Richland School District 1 reverses course; summer camp teachers to get performance bonus

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Published: Sep. 6, 2022 at 7:52 PM EDT
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COLUMBIA, S.C. (WIS) - Richland School District 1 leadership announced Tuesday the district will pay a group of summer camp teachers what they are contractually owed, after initially signaling otherwise.

The issue centers around an agreement the 13 teachers signed for a district summer camp for gifted students - “Einstein 2.0.”

The program ran from June 13 to July 21. The work agreement between the teachers and the district spelled out a $500 bonus if the students under the respective teacher’s responsibility tested high enough.

An “Einstein 2.0″ teacher reported to WIS that a district staffer sent an email to the group on August 24. The staffer wrote the district had provided the teachers with the wrong contract for the camp work and the $500 incentive would not be honored.

The Einstein 2.0 teacher interviewed with WIS, expressing frustration at the district’s behavior.

“It’s hard to come to work some days because you just know the nonsense that you have deal with, so it’s difficult,” they said.

WIS contacted the district on Friday, Sept. 2 about the story. Richland School District 1 spokesperson Karen York initially sent WIS this statement:

We are aware of the communication that was sent, and we are addressing the issues and questions that have arisen. We will resolve the issues with those who are impacted as soon as possible.

At the time, WIS pressed the district for more information about what had led to the conflict and how the district would move forward. WIS submitted FOIAs for more information on what transpired.

WIS followed up with York on Tuesday, informing her of the pending story to be aired that day. York provided this update Tuesday afternoon:

The email in question was sent to Einstein 2.0 teachers (secondary program) only. The district has acknowledged that the agreement teachers signed will be honored. Therefore, any teacher who met the attendance or achievement criteria will receive their incentive.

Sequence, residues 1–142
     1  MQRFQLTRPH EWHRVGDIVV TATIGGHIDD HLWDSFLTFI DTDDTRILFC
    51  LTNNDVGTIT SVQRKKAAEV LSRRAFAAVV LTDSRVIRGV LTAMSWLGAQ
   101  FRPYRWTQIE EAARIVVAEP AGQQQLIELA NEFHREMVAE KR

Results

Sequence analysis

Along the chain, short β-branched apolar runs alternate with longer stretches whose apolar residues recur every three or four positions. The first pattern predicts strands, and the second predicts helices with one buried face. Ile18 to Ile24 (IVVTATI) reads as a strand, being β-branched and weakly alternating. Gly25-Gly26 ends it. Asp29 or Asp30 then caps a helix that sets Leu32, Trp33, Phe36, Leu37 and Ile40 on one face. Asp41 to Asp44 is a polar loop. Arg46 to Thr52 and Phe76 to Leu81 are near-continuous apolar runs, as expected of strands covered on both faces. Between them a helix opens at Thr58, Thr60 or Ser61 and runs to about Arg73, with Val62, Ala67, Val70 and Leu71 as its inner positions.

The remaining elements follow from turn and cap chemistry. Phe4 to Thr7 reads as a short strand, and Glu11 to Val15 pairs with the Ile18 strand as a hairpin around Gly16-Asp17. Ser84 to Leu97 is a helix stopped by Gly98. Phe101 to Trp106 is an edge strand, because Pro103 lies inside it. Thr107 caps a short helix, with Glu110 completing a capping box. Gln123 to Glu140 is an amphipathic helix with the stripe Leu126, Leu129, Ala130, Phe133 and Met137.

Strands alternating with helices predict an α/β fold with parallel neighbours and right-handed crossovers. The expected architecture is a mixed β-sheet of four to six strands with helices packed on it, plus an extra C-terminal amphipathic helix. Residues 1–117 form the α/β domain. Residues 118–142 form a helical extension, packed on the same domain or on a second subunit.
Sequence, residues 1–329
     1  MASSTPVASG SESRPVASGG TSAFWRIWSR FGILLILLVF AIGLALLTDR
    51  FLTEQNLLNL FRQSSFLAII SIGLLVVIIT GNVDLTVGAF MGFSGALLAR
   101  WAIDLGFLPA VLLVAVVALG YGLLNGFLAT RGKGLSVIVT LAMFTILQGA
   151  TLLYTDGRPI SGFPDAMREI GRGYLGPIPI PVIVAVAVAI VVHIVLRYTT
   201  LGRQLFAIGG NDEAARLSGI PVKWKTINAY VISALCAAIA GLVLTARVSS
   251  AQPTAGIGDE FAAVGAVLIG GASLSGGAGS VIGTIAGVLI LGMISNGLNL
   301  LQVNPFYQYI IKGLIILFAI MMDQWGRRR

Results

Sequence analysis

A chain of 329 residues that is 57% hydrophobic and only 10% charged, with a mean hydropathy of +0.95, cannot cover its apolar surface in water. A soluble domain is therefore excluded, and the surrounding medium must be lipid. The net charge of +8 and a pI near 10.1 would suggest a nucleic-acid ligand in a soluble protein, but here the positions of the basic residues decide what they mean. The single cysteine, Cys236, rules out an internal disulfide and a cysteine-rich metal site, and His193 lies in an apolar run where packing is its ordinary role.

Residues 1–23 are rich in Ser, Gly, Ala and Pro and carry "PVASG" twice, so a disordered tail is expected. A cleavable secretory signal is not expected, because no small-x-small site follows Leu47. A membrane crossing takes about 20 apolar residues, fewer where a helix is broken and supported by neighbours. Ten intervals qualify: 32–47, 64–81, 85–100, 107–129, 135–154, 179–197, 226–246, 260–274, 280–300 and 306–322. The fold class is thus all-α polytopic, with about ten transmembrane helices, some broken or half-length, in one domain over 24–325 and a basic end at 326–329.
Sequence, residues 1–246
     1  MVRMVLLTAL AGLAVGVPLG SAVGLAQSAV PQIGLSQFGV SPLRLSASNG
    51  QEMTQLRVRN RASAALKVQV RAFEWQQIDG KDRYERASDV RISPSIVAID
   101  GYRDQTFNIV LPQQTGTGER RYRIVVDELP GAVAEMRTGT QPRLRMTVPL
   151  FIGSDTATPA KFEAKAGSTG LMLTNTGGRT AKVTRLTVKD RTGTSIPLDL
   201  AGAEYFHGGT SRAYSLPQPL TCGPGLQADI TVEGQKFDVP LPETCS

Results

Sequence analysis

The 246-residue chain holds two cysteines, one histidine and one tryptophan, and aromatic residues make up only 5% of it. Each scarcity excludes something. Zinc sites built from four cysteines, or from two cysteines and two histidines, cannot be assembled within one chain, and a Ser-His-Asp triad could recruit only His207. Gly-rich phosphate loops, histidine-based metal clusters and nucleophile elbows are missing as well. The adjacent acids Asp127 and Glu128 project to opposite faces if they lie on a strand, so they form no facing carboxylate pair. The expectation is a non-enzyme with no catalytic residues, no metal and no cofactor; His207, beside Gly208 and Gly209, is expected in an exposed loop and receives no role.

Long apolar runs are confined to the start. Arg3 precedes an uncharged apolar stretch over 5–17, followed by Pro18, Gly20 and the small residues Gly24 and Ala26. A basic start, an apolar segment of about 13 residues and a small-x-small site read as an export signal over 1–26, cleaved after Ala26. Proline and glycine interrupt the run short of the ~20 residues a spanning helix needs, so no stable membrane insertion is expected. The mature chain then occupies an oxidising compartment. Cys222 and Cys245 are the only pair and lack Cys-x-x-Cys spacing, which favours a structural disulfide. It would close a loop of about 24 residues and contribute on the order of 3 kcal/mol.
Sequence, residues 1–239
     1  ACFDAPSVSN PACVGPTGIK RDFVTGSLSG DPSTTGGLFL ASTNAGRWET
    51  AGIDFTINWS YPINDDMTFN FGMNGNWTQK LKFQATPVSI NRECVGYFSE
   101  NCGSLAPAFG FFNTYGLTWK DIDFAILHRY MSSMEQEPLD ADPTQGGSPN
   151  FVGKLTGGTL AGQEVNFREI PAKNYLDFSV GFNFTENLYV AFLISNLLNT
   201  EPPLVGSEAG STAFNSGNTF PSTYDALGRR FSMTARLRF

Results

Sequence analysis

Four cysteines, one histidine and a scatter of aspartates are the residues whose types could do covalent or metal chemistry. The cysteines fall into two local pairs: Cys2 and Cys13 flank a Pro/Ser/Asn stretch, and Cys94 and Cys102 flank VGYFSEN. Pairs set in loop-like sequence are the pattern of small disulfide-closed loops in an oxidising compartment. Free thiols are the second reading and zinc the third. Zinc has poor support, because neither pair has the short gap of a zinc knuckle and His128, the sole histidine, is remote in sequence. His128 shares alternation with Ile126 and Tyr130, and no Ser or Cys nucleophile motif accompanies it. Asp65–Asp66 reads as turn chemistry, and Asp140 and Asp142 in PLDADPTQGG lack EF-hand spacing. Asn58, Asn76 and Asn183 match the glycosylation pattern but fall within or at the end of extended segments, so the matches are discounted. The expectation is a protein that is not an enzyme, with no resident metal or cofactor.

WIS further followed up with York, asking several questions including what led to the reversal, if the district had any apology for the teachers, and who had approved the email telling the teachers they wouldn’t be paid?

She issued the following statement:

The initial email that was sent to the 13 teachers in the Einstein 2.0 summer program was incorrect due to human error. A mistake was made, and we apologize for any confusion that was created as a result. As soon as this matter was brought to our attention, we took steps immediately to address it. We believe that the initial information communicated to the teachers needed to be honored. Therefore, any teachers who met the criteria for the attendance or achievement incentives will receive them Friday, September 9.

Across the district in various summer programs, 86 teachers qualified for the $500 achievement incentive.

It was never communicated to the teachers that they would receive the incentives on September 1.

It’s not immediately clear how many of the 13 teachers qualified for the $500 bonus.

The Einstein 2.0 teacher told WIS they are contemplating leaving the district in the aftermath of the episode.

“When you’re here in this position, you understand why there’s a teacher shortage and why teachers don’t want to teach in this district or teach in this state period, because you have no one to back you up,” they said.

Richland School District 1 reported 180 teacher vacancies in August.

Labor attorney Malissa Burnette said the district could face court cases if it doesn’t pay the teachers.

“It’s not just a breach of contract, but South Carolina also has a payment of wages law where if the court found that they weren’t paid according to the contract, the court in its discretion could award three times the amount due as well as with attorney’s fees,” she said.

Burnette said it was “unfair” the district had waited until weeks after the camp was completed to inform the teachers of the issue.

School Board Chair Cheryl Harris and Vice Chair Angela Clyburn did not return requests for comment on Tuesday.

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